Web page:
98. The Court Jester (1956) - Paramount Director: Norman Panama, Melvin Frank Stars: Danny Kaye; Glynis Johns; Basil
Villains perch on every turret in this musical swashbuckler comedy that finds Kaye masquerading as a court
jester in an attempt to infiltrate an evil government to overthrow Rathbone, a baron with a stranglehold on the throne of
England. He finds himself singing, falling in love, and fighting villains along the way. "The pellet with the poison's in
the vessel with the pestle..."
99. The Nutty Professor (1963) - Paramount Director: Jerry Lewis Stars: Jerry Lewis; Stella Stevens; Del Moore
Jekyll-and-Hyde story focuses on Lewis as Julius Kelp, a buck-toothed, bumbling milquetoast college professor who creates
a formula for a secret potion that turns him into the arrogant but irresistible swinger "Buddy Love" - for brief moments,
anyway. Stevens co-stars as the object of affection to both sides of Lewis' split personality. The remake appeared in 1996,
starring Eddie Murphy.
100. Good Morning, Vietnam (1987) - Touchstone/Buena Vista Director: Barry Levinson Stars: Robin Williams; Forest
Whitaker; Tung Thanh Tran
Saigon in 1965 provides the backdrop for this thoughtful war comedy - the true story of Armed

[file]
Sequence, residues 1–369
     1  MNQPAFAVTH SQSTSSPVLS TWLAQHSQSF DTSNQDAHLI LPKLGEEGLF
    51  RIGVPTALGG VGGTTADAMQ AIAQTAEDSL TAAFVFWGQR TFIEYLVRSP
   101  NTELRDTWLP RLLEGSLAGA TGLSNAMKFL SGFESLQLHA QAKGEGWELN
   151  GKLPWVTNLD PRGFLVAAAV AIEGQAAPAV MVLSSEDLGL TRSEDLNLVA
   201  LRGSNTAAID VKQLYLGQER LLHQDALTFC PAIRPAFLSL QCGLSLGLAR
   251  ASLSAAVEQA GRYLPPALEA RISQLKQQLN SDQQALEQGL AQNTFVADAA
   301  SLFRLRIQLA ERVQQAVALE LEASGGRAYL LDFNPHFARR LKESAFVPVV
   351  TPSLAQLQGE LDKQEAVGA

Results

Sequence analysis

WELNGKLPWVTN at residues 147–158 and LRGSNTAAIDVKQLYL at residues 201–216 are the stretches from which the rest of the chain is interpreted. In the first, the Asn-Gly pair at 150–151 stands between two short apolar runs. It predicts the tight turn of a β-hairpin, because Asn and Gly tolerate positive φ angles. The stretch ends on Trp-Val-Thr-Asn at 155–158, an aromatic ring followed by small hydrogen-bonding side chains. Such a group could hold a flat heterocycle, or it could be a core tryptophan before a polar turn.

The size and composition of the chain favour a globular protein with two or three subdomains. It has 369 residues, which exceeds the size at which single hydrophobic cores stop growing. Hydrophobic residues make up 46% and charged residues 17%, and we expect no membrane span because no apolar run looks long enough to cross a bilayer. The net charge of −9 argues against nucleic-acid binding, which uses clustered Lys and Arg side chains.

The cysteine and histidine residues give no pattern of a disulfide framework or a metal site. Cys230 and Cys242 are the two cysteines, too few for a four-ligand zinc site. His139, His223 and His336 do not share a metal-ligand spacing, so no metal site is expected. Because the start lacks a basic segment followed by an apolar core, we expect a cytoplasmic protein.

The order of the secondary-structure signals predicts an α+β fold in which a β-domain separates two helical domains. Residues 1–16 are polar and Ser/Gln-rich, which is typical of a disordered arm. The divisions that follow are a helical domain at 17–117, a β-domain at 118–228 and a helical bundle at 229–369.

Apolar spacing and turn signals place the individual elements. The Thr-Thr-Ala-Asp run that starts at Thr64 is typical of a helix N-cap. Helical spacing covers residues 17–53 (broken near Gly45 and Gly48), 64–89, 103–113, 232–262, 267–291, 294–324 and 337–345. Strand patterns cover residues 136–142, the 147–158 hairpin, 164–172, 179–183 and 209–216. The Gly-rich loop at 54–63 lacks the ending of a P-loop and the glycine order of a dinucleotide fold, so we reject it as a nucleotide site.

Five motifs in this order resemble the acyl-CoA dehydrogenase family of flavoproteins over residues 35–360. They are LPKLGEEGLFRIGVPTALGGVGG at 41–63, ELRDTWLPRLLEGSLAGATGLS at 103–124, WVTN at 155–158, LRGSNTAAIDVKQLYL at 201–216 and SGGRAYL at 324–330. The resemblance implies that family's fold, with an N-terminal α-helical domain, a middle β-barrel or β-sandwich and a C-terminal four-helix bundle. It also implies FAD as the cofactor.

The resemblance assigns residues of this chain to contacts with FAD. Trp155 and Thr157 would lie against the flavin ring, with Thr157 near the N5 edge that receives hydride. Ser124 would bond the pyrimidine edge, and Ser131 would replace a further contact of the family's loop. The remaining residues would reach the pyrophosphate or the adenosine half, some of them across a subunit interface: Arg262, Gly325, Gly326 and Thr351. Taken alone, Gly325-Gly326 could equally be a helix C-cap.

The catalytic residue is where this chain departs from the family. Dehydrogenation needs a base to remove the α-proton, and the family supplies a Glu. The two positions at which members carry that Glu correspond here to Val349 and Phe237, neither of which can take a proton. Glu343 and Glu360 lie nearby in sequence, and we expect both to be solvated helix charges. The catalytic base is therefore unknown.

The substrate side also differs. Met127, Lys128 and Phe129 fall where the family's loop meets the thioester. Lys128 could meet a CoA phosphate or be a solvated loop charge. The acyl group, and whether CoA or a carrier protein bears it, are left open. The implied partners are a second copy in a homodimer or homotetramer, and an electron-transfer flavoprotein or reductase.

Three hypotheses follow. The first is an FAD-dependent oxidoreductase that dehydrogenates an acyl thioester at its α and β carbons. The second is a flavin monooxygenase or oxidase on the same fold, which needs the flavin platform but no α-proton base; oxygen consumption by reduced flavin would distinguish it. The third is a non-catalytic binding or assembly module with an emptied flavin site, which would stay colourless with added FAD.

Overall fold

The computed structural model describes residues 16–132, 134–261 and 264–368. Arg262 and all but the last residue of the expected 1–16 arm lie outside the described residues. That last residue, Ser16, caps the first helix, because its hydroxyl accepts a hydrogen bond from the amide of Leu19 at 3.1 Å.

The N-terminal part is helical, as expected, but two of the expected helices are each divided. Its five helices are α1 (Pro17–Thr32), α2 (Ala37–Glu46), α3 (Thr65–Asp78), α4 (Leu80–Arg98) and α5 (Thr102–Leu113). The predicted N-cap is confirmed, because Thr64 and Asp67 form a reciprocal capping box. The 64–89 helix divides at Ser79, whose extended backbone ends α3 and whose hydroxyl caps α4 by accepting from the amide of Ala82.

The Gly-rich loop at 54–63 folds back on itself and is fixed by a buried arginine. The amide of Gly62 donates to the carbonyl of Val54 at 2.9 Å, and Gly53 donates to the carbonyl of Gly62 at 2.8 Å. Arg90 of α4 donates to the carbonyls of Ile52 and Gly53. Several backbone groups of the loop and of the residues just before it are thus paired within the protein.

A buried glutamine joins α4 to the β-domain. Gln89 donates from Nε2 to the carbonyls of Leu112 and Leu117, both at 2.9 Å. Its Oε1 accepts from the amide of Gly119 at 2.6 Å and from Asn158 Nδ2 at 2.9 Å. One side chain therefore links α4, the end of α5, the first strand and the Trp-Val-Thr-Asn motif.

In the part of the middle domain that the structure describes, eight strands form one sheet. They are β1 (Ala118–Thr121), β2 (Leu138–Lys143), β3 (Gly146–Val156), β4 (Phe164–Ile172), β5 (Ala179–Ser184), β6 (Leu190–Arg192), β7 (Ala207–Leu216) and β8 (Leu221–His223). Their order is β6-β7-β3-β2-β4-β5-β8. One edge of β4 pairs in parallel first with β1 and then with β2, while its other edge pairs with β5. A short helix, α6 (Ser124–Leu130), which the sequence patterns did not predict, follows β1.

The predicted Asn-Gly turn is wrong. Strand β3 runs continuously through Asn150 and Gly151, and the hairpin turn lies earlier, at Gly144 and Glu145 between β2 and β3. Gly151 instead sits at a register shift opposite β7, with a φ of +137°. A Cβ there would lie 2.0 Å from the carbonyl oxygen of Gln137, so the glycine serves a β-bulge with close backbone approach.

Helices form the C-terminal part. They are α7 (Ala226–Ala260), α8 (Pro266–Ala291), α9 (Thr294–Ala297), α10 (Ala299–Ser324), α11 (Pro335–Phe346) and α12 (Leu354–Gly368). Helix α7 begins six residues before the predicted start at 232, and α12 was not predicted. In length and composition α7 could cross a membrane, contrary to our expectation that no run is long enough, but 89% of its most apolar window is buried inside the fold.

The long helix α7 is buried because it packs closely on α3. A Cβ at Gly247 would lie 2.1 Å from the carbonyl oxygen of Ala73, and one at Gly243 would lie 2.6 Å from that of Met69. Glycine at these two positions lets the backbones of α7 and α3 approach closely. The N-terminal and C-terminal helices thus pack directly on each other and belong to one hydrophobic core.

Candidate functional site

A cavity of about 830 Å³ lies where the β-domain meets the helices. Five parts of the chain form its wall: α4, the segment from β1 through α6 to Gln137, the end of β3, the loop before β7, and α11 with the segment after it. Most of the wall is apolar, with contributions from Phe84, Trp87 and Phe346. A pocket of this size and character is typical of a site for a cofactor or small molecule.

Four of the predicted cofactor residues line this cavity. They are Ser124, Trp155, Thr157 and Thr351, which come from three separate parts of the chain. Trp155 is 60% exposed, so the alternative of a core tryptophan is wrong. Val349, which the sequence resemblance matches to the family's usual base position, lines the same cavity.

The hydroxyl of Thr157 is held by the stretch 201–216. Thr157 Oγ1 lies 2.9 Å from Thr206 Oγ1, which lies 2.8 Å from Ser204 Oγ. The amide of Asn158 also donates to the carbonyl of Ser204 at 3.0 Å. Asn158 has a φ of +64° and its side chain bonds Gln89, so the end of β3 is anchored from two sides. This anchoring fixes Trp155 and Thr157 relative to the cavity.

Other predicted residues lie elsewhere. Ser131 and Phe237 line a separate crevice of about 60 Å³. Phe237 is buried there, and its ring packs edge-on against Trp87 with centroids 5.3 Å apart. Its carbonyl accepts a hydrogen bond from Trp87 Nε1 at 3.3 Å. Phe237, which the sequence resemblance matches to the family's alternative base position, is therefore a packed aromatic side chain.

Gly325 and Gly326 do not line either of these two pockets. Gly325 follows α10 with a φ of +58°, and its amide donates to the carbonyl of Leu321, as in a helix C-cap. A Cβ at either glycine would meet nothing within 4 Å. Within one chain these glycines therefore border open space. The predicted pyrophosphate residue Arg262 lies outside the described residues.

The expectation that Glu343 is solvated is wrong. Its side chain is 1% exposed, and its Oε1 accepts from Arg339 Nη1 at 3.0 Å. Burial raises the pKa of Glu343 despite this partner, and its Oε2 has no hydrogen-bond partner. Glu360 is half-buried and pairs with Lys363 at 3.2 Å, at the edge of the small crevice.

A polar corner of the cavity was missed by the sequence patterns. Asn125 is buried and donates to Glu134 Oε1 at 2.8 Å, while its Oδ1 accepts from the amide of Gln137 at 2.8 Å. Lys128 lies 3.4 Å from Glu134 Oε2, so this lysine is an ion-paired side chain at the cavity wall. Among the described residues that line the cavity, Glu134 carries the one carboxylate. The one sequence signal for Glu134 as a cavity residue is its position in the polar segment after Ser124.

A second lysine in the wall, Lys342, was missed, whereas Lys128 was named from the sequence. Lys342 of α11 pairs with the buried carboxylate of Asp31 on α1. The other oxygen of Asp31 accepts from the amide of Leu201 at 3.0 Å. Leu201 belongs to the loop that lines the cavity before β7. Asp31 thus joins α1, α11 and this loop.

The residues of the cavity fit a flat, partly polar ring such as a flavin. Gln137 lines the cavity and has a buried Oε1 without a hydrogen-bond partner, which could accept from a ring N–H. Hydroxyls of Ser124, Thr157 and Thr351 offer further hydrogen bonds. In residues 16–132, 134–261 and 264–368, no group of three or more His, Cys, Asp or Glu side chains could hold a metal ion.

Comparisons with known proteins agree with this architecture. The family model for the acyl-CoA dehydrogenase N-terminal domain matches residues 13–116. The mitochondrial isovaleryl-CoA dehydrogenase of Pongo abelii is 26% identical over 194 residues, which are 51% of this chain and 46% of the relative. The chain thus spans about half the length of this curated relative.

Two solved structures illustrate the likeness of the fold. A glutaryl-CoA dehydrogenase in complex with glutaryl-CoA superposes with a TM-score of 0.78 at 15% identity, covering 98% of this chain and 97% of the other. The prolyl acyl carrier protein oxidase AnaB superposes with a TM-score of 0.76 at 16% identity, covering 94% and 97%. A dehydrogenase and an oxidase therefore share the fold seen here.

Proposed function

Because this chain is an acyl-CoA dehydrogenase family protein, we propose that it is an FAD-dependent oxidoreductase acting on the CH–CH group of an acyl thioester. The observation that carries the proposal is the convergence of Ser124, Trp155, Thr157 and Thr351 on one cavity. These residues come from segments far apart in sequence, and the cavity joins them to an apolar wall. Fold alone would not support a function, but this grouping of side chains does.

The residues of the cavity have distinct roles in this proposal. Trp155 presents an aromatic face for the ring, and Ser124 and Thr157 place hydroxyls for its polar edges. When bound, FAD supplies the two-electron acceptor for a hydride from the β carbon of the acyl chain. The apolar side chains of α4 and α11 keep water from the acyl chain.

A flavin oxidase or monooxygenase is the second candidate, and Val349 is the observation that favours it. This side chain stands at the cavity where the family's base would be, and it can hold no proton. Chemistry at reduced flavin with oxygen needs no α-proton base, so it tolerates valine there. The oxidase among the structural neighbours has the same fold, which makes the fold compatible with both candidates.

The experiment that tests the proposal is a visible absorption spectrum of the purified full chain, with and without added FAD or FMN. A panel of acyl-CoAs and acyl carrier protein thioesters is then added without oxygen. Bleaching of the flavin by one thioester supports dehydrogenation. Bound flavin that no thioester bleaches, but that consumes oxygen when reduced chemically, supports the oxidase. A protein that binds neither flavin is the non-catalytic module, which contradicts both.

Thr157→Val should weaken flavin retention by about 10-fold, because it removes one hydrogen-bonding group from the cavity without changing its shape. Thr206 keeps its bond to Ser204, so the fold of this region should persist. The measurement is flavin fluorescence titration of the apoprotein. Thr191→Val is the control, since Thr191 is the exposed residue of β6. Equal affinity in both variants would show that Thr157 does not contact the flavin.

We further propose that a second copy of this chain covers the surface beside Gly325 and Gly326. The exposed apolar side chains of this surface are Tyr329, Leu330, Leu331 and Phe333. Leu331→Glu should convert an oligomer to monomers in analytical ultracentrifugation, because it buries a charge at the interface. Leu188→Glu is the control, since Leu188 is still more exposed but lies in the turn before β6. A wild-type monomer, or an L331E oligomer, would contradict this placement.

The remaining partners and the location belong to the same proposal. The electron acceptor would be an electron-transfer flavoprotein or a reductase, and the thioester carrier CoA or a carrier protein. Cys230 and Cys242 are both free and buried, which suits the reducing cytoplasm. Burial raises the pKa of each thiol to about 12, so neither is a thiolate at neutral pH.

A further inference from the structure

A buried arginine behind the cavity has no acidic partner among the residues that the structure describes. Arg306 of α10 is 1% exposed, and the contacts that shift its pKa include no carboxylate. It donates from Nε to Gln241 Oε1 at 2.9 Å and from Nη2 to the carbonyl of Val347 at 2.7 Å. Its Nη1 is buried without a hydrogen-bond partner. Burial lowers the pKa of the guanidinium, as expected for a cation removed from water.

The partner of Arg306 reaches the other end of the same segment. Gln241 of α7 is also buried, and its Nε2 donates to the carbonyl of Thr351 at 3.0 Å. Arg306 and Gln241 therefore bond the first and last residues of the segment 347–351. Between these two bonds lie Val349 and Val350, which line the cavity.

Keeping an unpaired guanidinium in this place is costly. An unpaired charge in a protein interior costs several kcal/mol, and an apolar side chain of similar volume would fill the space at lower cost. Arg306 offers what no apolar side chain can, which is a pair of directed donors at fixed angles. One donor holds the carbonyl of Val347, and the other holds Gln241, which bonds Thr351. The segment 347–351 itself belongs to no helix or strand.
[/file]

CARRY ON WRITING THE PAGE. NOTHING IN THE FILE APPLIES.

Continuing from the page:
Forces Radio disc jockey Adrian Cronauer (Williams) who brings his madcap comedy to a world gone mad. His highly-charged,
on-air improv is popular with the troops but troublesome to officers, who fear the beat of his different drummer. Memorable
for the star's runaway radio patter.
(1941) When a Hearst-like newspaper tycoon (Orson Welles) dies, a reporter (William Alland)
interviews the man's former associates (Joseph Cotton and Everett Sloane among them) and wives (Ruth Warrick and Dorothy Comingore)
in an effort to pin down the essence of the contradictory, larger-than-life millionaire by discovering the meaning of his
dying word, "Rosebud." Also co-written (with Herman J. Mankiewicz), produced and directed by Welles, the movie is a landmark
in American cinema, notable both for its superb use of film technique and its intriguing story of a man who came from nothing,